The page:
Compensation for pupil violence shows teachers need more protection, says TLTP Education
Darryl Mydat, managing director of TLTP Education (The London Teaching Pool), says concerns over a compensation culture need to be put to one side when it comes to injuries sustained as a result of pupil attacks.
“Much of the compensation paid out was due to injuries sustained as a result of lack of health and safety in the workplace,” says Mydat. “However we and the teachers we work with are increasingly concerned at the continuing rise in pupil indiscipline and violence in the classroom.”
Mydat says that pupil discipline continues to deteriorate with a TLTP survey showing that 41% of teachers had said that they had been verbally abused in school during the last academic year and a further 24% said they knew a colleague who had been.
“There has been a power shift in the classroom towards the students and this needs to be addressed,” continues Mydat. “A young teacher, perhaps a young female teacher, faced with teenage students apparently happy to challenge the teacher’s authority, showing disrespect, using mobile phones in class and hurling verbal abuse at teachers is an ever-present problem.”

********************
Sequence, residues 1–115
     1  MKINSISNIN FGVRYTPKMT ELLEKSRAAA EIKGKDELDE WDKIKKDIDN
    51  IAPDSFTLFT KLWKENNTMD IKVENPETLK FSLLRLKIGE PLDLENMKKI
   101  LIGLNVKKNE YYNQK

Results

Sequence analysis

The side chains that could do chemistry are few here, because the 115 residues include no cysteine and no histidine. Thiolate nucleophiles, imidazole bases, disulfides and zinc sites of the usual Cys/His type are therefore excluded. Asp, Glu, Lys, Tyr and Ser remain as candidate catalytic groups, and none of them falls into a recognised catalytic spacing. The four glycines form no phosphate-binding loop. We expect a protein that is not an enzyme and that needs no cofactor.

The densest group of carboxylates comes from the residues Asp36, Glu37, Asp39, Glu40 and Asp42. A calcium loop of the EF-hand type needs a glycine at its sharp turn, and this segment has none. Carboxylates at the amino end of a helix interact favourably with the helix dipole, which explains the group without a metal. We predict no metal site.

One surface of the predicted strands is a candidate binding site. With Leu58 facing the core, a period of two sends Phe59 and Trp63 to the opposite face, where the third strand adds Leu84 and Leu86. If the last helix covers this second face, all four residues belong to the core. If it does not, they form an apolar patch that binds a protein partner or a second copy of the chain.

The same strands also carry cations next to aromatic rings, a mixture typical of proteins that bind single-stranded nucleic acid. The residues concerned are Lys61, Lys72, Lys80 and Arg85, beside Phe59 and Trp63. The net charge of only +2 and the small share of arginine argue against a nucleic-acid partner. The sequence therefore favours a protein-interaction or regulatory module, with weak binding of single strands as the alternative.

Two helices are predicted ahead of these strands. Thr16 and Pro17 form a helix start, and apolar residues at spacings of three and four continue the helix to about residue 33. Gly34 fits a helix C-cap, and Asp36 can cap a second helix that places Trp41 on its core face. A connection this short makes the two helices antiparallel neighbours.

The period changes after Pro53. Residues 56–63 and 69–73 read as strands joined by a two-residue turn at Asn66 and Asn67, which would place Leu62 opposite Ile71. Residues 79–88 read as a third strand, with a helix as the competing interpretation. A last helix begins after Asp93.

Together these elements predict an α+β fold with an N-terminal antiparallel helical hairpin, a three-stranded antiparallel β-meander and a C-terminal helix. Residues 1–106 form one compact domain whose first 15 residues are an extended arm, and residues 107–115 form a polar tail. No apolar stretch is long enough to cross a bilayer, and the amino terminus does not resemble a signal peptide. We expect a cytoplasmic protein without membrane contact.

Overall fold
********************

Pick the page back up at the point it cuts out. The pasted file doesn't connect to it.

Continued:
Mydat also cites a survey from last year by the Association of Teachers & Lecturers, which found that 33 per cent of teachers had been forced to deal with pupil violence since September 2011 – up from 25% from the ATL’s survey two years previously. Of those, some 28 per cent said violence was directed at them and 29 per cent reported intervening to stop children attacking a fellow staff member.
“We have teachers on our books who have witnessed or been victims of student violence themselves, including one who had an open compass thrown at him in a classroom. There is a growing trend in our society to paint teachers as constant complainers who do a little lesson planning and enjoy long, lazy holidays. It’s time to show the real picture.”